1) We have applied, for the first time in Solar Physics, deep learning techniques for the fast estimation of velocity fields parallel to the solar surface. For this, we developed a neural network that takes two consecutive images of solar granulation and returns the velocity vector. This method allows to measure velocity fields for each pixel in time intervals of 30 s, greatly improving previous methods (which need several minutes or hours and fields of view of several arcsec).
2) Spectro-polarimetric observations from the space telescope Hinode, processed with a novel analysis technique developed in this work, allowed us to confirm, for the first time, the theoretical prediction that linear polarization in forbidden lines has the opposite sign compared to normal permitted lines as a result of the line being dominated by a magnetic dipole transition. Our observations open a new window for solar oxygen abundance studies, offering an alternative method to disentangle the Ni I blend from the [O I] line at 630.03 nm that has the advantage of simple LTE formation physics.
3) Since the 1980s, solar astronomers have tried to detect the presence of sunspot torsional oscillations. According to theoretical models, if such oscillations exist they should have periods between several hours and days. Owing to the extremely long periods and the need to determine the magnetic field orientation, the problem is extremely challenging from the observational point of view. Several previous works claim to have found such oscillations with disparate characteristics, always very marginally, pushing the data to the limits. The HMI instrument onboard SDO allowed us, for the first time, to attack this problem with the right tools, delivering space-based observations with full time coverage. We conclude that these oscillations do not exist with amplitudes larger than a degree, refuting previous results as false detections.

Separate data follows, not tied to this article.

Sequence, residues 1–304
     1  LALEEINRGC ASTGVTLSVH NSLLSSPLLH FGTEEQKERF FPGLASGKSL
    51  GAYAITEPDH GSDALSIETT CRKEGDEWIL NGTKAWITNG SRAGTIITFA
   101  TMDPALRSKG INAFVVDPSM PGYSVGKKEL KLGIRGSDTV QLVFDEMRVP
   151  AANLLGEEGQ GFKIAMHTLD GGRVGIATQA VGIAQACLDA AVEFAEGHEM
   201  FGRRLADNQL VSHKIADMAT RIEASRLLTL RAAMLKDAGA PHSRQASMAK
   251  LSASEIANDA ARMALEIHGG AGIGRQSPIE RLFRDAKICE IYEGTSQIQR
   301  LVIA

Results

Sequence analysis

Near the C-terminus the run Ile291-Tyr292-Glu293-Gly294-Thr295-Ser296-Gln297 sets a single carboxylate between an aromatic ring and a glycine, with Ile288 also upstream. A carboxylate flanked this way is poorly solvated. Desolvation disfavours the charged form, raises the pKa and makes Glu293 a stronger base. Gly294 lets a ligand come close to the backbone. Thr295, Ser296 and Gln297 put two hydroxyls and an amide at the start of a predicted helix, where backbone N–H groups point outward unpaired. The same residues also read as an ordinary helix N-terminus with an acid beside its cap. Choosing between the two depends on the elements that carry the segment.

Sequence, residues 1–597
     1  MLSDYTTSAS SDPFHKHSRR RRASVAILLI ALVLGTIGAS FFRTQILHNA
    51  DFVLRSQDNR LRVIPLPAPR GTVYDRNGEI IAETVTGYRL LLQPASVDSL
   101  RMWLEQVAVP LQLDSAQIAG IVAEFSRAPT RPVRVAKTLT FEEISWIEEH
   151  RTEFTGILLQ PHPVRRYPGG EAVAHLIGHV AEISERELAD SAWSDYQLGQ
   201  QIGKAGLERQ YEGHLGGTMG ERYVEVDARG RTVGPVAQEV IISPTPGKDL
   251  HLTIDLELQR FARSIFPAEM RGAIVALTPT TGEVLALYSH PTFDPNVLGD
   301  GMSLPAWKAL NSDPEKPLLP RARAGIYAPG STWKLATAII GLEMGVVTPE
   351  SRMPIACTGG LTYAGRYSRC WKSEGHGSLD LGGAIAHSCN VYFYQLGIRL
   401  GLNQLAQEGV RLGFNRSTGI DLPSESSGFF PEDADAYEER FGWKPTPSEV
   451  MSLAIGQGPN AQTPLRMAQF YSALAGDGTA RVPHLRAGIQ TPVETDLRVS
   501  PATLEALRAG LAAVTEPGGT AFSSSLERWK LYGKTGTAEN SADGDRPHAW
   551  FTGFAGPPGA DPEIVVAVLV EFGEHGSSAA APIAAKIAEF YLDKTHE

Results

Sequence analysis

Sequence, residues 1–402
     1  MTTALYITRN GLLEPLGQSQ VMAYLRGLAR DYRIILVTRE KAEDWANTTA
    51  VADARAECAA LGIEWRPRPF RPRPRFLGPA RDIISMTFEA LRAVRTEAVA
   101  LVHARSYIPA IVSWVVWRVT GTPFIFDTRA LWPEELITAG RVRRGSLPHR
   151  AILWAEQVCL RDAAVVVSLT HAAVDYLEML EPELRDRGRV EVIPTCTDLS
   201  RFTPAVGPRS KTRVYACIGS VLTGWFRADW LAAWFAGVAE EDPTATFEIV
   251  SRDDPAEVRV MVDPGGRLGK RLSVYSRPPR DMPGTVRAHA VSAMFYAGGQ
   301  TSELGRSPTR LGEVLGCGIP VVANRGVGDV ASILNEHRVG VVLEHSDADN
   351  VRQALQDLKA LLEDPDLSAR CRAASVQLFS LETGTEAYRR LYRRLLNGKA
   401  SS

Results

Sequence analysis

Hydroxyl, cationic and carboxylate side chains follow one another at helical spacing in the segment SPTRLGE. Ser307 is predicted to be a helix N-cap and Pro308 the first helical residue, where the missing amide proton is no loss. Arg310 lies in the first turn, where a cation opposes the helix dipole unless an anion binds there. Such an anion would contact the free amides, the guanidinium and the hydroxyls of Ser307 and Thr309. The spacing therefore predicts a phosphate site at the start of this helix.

4) The first results of the CLASP international experiment (Chromospheric Lyman-alpha Spectropolarimeter), which was motivated by theoretical research carried out by our group, have been published in The Astrophysical Journal Letters. This instrument, launched on September 3, 2015 by a NASA suborbital rocket, has allowed us to discover linear polarization signals in the radiation of the hydrogen Lyman-alpha line and thus confirm the theoretical predictions. These results open a new window for the exploration of the magnetization and the geometrical complexity of the enigmatic chromosphere-corona transition region.
5) Working within the framework of a rigorous quantum theory of spectral line polarization, we have developed a numerical code that solves the full non-LTE radiative transfer problem for polarized radiation, in one-dimensional models of the solar atmosphere, accounting for the combined action of the Hanle and Zeeman effects, as well as for partial frequency redistribution (PRD) phenomena. The application of this new diagnostic tool has allowed us to discover a new physical mechanism that introduces an interesting magnetic sensitivity in the wings of the linear polarization profiles of strong resonance lines, such as Ca I 422.7 nm and Mg II k.